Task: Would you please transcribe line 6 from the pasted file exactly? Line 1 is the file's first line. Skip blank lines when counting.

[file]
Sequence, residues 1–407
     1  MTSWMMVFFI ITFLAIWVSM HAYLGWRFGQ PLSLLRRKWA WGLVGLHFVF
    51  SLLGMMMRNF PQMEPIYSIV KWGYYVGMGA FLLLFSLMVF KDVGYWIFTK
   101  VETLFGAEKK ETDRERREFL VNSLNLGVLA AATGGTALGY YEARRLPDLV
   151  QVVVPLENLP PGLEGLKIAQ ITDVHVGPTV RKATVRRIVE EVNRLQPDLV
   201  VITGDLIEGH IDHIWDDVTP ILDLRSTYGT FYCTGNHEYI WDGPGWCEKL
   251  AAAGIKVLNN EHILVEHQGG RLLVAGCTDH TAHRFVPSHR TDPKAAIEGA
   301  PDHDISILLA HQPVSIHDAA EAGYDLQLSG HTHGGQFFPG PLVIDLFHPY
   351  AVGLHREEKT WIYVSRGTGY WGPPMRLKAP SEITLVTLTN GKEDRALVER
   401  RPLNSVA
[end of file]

   201  VITGDLIEGH IDHIWDDVTP ILDLRSTYGT FYCTGNHEYI WDGPGWCEKL